My internet connection had been down all day. I was beginning to get very perturbed—for a lot of reasons. One was that author and genealogist Sharon Morgan was going to help me scour the internet to look for possible linked ancestors on my father’s side of the family, a task I thought might be impossible. (I’ll describe our work toward this effort in another post.) I had “won” Sharon’s services at the Coming to the Table silent action in May of this year, and I was anxious to get started.
When I was finally able to get online, I had an email notifying me of a new comment from the blog BitterSweet: Linked Through Slavery to a post I had written called Looking for Links: First Steps”—the first in a series of three blog posts about my South Carolina Furman ancestors and their connection to slavery.
The comment was from a Trina Roach who wrote that she had evidence that her ancestors were enslaved by mine. She explained, “I just became aware of your site and series [on BitterSweet].…From a vintage newspaper article entitled Remembers Mexican War: Prince Taylor Tells of Dr. Samuel Furman, Founder of Furman University [March 15, 1916]….I know that he [Prince Taylor, her great-great-great grandfather’s brother] was enslaved by the Furman family.” Yep, I said to myself, this is definitely my family. (Note that Furman University was actually founded by James C. Furman, Dr. Samuel Furman’s brother.)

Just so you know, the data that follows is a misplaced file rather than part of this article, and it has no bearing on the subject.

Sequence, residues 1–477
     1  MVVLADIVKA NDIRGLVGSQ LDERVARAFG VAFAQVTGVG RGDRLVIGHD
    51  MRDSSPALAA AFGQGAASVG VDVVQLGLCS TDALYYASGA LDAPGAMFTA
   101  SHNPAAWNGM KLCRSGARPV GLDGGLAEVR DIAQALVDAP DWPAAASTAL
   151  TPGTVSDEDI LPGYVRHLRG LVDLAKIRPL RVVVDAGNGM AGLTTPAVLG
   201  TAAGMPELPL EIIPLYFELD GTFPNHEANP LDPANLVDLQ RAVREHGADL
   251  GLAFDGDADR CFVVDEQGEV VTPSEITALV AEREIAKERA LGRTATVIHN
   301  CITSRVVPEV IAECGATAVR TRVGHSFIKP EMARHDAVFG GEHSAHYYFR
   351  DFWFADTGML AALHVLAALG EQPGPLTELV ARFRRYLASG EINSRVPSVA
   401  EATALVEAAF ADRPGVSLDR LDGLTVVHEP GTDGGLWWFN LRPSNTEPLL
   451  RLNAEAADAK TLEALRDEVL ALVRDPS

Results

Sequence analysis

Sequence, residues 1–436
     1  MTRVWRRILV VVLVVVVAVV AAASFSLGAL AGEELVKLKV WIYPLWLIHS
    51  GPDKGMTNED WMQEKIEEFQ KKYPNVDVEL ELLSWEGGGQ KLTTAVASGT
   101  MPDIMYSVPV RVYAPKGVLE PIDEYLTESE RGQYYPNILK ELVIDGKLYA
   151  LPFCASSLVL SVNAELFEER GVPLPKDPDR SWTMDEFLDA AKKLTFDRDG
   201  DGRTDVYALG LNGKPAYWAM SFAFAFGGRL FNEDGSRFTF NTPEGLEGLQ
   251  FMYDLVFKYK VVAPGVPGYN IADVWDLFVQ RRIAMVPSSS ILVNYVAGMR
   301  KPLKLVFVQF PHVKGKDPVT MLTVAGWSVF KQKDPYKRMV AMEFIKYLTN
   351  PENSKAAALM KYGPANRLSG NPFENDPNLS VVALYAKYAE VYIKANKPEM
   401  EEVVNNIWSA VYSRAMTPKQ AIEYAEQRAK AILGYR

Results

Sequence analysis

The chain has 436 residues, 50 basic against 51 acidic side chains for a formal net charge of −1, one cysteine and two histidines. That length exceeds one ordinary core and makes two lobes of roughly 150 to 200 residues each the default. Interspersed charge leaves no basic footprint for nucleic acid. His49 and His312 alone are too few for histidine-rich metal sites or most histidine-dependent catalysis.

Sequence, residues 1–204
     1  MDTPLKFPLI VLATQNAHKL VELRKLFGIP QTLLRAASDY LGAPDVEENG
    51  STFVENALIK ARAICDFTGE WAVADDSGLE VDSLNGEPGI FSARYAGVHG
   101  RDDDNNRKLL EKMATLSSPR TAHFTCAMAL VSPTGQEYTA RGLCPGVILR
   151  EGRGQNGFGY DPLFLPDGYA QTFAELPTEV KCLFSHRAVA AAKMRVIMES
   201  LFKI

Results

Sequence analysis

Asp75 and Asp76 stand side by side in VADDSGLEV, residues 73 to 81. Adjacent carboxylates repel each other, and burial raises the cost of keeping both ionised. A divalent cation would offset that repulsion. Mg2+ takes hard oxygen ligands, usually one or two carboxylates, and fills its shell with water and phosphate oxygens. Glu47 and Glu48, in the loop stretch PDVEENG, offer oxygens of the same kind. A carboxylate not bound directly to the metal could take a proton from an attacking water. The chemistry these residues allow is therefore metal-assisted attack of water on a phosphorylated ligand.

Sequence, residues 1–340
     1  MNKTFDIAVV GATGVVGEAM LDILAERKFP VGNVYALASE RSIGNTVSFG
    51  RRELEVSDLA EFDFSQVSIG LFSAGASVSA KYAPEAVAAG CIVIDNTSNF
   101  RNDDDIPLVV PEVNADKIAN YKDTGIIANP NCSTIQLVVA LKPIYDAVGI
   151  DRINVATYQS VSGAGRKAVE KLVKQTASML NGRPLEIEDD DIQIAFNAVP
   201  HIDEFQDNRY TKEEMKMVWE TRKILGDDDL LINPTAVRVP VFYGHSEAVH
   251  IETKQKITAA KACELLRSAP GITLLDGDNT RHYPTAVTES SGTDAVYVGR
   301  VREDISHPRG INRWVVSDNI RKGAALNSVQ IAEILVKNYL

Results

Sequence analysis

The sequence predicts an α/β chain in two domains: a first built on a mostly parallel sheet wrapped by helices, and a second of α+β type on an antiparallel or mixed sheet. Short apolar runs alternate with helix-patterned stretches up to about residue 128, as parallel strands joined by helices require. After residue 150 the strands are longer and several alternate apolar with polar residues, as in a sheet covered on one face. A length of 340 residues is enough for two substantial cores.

Our connection through the internet was truly a miracle. I had expected to do years of research before finding any present day African Americans remotely connected to my family. Fortunately, my new linked cousin is an excellent researcher. She discovered my family’s name in Sharon’s Our Black Ancestry site, which referenced BitterSweet: Linked Through Slavery and me.
So far, we haven’t planned to meet; she lives in Germany. Her response to me has been friendly but, perhaps, a little reserved. Right now I am satisfied with sharing information about our ancestors. I hope we can meet someday and explore our feelings about our connection and see whether there is there is an opportunity for a closer linked relationship.
In the next posts, I share some of Trina’s and my research about our families’ connection to slavery that provides names of enslaved people from mortgages, bonds, deeds of sale, a newspaper article and WPA interviews from the 1930s.